At this point, Temple has become thoroughly corrupted by life in the brothel. After bribing Miss Reba's servant to let her leave the house, she runs into Popeye waiting outside in his car. He takes Temple to a roadhouse called The Grotto, intending to finally settle whether she permanently stays with Popeye or Red. At the club, Temple drinks heavily and tries to have furtive sex with Red in a back room, but he spurns her advances for the moment. Two of Popeye's friends frog-march her out of the club and drive her back to Miss Reba. Popeye kills Red, which turns Miss Reba against him. She tells some of her friends what has happened, hoping he will be captured and executed for the murder.

Narcissa visits the District Attorney and reveals she wants Benbow to lose the case as soon as possible, so that he will cease his involvement with the Goodwins. After writing to his wife to ask for a divorce, Benbow tries to get back in touch with Temple via Miss Reba, who tells him that both she and Popeye are gone. At around this time, Goodwin's trial begins in Jefferson. On the second day of the trial, Temple makes a surprise appearance and takes the stand, giving false testimony that it was Goodwin, not Popeye, who had raped and brutalized her. The District Attorney also presents the stained corncob used in Temple's rape as evidence.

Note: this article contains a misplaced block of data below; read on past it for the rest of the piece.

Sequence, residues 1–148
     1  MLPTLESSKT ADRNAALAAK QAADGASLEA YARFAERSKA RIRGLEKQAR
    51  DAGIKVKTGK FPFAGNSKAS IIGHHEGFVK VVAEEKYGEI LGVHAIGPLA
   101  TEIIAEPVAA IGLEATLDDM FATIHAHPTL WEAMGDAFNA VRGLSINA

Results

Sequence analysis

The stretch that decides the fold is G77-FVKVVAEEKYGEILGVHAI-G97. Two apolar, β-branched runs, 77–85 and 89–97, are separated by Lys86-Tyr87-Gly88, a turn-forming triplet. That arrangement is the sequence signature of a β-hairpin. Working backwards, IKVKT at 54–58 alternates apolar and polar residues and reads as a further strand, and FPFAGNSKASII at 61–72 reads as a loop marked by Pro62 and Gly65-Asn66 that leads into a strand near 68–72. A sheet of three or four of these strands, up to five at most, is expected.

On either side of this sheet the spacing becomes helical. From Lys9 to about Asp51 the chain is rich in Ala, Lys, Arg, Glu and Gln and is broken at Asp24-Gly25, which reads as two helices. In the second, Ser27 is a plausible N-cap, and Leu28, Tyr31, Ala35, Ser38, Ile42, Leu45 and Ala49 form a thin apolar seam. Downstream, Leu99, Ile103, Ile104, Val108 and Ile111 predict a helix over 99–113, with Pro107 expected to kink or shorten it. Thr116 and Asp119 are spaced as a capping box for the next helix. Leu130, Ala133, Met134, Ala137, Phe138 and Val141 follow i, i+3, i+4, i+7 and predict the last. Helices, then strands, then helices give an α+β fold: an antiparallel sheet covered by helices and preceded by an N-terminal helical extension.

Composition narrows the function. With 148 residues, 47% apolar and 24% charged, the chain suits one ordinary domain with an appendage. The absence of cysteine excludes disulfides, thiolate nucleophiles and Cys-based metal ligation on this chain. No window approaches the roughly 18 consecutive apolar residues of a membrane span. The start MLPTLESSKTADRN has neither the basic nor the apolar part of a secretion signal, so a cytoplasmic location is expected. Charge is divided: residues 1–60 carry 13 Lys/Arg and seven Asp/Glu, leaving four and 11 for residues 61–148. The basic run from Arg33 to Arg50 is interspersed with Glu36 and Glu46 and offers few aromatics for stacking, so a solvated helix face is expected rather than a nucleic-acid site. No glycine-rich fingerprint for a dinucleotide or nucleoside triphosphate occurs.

The jury finds Goodwin guilty after only eight minutes of deliberation. Benbow, devastated, is taken back to Narcissa's house. After wandering out of the house that evening, he finds that Goodwin has been lynched by the townsfolk with his body set ablaze. Benbow is recognized in the crowd, which speaks of lynching him, too. The next day, a defeated Benbow returns home to his wife. Ironically, on his way to Pensacola, Florida to visit his mother, Popeye is arrested and hanged for a crime he never committed. Temple and her father make a final appearance in the Jardin du Luxembourg, having found sanctuary in Paris.